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Old 07-16-08, 09:59 AM   #1
tpelle
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OT (Sorta): Living In The Information Age

About a year ago, now, when I decided to get back into cycling (as a 54 year old overweight diabetic), the first thing I did was go to the 'net and immerse myself in bicycling information. I quickly found this site, Sheldon Brown's (R.I.P.) site, and many others, and was able to soak up a tremendous amount of information, opinions (some good, some bad), tips, information on gear, riding, etc. Essentially I was able to internalize years of experience - even if vicarious - into a very short time. I absolutely believe that it made me a better rider, and prevented me from making a lot of "newbie" mistakes, and possible even having some painful crashes. Had this same situation occurred, say, 20 years ago, there's no way this much information would have been available to a new rider.

Of course, the same thing is true for almost any endeavor that one would wish to become involved in today.

What brings this to mind was what I observed last evening on my drive home from work.

Just as I started to turn onto a road that descends a fairly steep hill, a gentleman on a bike turned just in front of me. He was riding a road bike, but was dressed in hiking shorts and a tee shirt, and was wearing a helmet. He appeared to be in his 50's, judging from the gray hir peeking from under his helmet. Since the road was steep enough that he would be able to coast at pretty much the legal speed limit, I decided to just hang back a safe distance behind him and just follow him down the hill. The road had several sweeping S-turns, and I noticed, as the rider carved the corners, he always kept his right leg straight with the right pedal at its lowest position. He was easily hitting 35 mph or so. As he rode through the right-hand turns his pedal was so close to scraping the pavement that I actually backed way off so that I would have time to stop when he crashed!

Luckily he made it all the way down with no problem. As we reached the stop sign at the intersection at the bottom of the hill, I thought about rolling my window down and saying something to him about being careful to not drag his pedal, but he pretty much rode through the stop sign and turned left, while my route took me to the right.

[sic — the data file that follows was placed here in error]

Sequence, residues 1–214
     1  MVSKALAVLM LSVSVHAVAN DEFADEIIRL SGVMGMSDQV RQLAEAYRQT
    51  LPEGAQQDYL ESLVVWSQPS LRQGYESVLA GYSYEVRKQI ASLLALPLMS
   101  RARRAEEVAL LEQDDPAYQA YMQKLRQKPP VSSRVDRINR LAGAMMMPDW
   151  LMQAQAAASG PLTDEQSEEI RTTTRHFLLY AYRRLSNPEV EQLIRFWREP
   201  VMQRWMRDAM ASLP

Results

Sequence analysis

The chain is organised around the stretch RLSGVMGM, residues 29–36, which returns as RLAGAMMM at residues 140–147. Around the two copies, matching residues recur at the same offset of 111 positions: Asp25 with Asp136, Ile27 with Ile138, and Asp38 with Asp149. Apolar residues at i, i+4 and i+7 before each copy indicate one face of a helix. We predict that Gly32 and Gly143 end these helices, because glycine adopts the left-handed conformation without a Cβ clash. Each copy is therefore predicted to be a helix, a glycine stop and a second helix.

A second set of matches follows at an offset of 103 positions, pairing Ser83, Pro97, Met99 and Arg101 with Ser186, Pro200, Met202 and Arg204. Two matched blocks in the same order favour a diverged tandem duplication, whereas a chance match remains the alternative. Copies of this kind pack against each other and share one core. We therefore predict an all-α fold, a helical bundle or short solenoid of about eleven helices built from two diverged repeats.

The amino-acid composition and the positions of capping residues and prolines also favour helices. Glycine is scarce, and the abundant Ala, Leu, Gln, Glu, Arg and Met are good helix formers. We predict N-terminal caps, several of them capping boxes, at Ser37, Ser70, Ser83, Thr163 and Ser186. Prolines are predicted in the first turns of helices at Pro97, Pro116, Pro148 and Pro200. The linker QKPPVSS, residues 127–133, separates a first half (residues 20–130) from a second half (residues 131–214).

This really got me thinking about the information that I gleaned off of the internet, as that was where I read about cornering techniques - probably from Sheldon Brown - and how fortunate we are to have this resource available to us.
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Old 07-16-08, 10:09 AM   #2
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The internet has become a tremendous source of information.............so much so that its now becoming difficult to sort through it all to find the good stuff. The biggest advantage over books and previous stroage methods seems to be the almost immediate result from your search engine which allows you to refine the search and get another answer instantly...........etc.

However...............just because you can lead a horse to the internet.............you cannot make him use the information.
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Old 07-16-08, 06:22 PM   #3
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Ain't the net wonderful?

I live On-Line.
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Old 07-16-08, 06:23 PM   #4
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Ain't the Net Wonderful

I live on line.
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Old 07-16-08, 07:42 PM   #5
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Ain't the Net Wonderful